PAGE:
One of the children who attends the Mass was also the first child Fr. Jeff baptised at the church, who knew families who had struggled to have their special needs children receive the sacraments, Rose Unkefer said.

There are many stories of children with special needs demonstrating an understanding of the essential truths of the Church. Many children started by making the Sign of the Cross and then by praying. Special needs children at Holy Family will soon be able to deepen their knowledge of the faith.

“We can even see it in Ethan,” Robyn Flores said. “He is becoming more comfortable and slowly learning the progression of the service.”

Ethan, who is 7, has started the sacramental program, taught by Nancy Wainscott, a certified behavior analyst.
The program is based on the work conducted by the Rizzo family of Marlton, New Jersey. David and Mercedes Rizzo wanted a sacramental program for their daughter, who is autistic.

“It was very important to us that she made her sacraments,” Mercedes Rizzo told the National Catholic Register. “At the same time, it was important that she was really ready.”

The only available materials for children preparing for First Communion were very verbal and included complex concepts that are difficult to understand for many children with autism, according to the Register article,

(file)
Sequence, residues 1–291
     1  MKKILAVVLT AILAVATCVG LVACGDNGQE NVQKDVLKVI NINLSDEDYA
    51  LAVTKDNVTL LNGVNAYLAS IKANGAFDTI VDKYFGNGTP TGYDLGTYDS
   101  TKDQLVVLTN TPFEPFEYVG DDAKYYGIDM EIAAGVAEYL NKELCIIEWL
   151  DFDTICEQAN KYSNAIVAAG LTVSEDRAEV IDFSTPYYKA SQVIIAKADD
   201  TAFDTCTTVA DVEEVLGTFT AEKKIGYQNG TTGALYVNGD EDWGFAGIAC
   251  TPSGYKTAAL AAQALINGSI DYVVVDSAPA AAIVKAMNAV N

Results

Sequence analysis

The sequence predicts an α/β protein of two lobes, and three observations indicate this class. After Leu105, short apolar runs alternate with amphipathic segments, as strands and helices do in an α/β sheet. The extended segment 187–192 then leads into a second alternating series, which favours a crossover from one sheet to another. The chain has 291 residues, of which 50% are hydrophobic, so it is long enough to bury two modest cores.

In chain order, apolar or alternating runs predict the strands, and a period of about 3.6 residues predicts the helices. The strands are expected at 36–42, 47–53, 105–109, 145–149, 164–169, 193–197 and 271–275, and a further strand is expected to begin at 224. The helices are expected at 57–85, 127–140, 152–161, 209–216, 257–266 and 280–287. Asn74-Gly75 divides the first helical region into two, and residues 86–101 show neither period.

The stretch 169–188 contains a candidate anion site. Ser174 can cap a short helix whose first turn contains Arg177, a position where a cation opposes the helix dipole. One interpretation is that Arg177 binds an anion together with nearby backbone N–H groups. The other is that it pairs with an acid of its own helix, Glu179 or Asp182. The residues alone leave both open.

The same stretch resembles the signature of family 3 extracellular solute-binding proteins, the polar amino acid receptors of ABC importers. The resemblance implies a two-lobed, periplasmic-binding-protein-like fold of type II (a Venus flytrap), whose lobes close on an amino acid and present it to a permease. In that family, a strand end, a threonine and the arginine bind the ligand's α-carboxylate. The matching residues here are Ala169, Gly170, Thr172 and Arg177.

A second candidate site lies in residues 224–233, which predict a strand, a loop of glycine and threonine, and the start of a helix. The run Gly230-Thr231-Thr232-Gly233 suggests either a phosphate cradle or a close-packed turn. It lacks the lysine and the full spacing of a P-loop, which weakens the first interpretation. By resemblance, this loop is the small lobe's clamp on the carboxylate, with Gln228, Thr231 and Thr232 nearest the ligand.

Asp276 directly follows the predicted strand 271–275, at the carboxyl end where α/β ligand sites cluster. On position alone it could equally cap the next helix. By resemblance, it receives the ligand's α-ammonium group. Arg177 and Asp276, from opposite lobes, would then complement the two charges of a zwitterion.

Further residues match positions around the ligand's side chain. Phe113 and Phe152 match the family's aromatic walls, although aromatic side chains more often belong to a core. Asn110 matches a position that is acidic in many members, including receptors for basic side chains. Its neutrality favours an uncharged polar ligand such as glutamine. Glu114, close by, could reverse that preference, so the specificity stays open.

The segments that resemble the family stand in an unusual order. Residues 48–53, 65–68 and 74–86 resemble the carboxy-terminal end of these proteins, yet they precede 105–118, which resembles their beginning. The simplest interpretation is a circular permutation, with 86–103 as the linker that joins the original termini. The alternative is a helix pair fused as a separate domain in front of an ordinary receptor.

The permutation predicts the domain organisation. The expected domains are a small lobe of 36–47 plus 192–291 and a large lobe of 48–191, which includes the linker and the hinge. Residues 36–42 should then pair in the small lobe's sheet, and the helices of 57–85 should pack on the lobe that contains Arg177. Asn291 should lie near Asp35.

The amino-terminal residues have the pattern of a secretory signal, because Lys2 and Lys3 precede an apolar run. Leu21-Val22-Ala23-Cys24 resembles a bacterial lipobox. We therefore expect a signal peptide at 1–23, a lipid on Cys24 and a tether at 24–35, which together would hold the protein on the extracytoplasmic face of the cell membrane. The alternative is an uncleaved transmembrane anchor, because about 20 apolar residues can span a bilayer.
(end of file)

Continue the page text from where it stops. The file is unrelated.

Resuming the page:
“Catechesis for the Autistic.” Many children who are autistic, like their daughter Danielle, are not verbal. Learning for children with autism and similar disabilities is not language-based, but rather visual.

The Rizzo parents developed their own methods for teaching, the article went on, and like Danielle, the special-needs children of Holy Family are doing much of their catechesis through flash cards.

The Rizzos’ son, Brendan, turned his parents’ work into an Eagle Scout project and created a collection of autism teaching resources for the family’s parish in New Jersey, the Register article said. His final work, “Adaptive First Eucharist Kit,” was published by Loyola Press.

Robyn Flores said they are grateful to have “a specialized way to teach [Ethan] about our faith.”

The program at Holy Family was shaped through the work of Mary Ellen McBee, the director of formation at Holy Family.

In addition to the “Adaptive First Eucharist Kit,” McBee has employed the input of people trained in applied behavior analysis therapy and specialists, such as Wainscott, who work with children with autism.

“These children have been chosen by God in order to share in the Passion of Christ,” Unkefer said. “We are called to help and serve others. The purest love is given without hesitation and without expecting anything in return.”One day, the Floreses and Unkefers and others hope to have a Catholic school for special-needs children in the diocese.

But that’s for another day.

“Jesus’ love was pure love,” Rose Unkefer said, “Children with special needs are pure love also. They give pure love and they give us the opportunity to demonstrate pure love.”

Love and faith, Blessed Mother Teresa once said, walk side by side, perfecting one another stride by stride.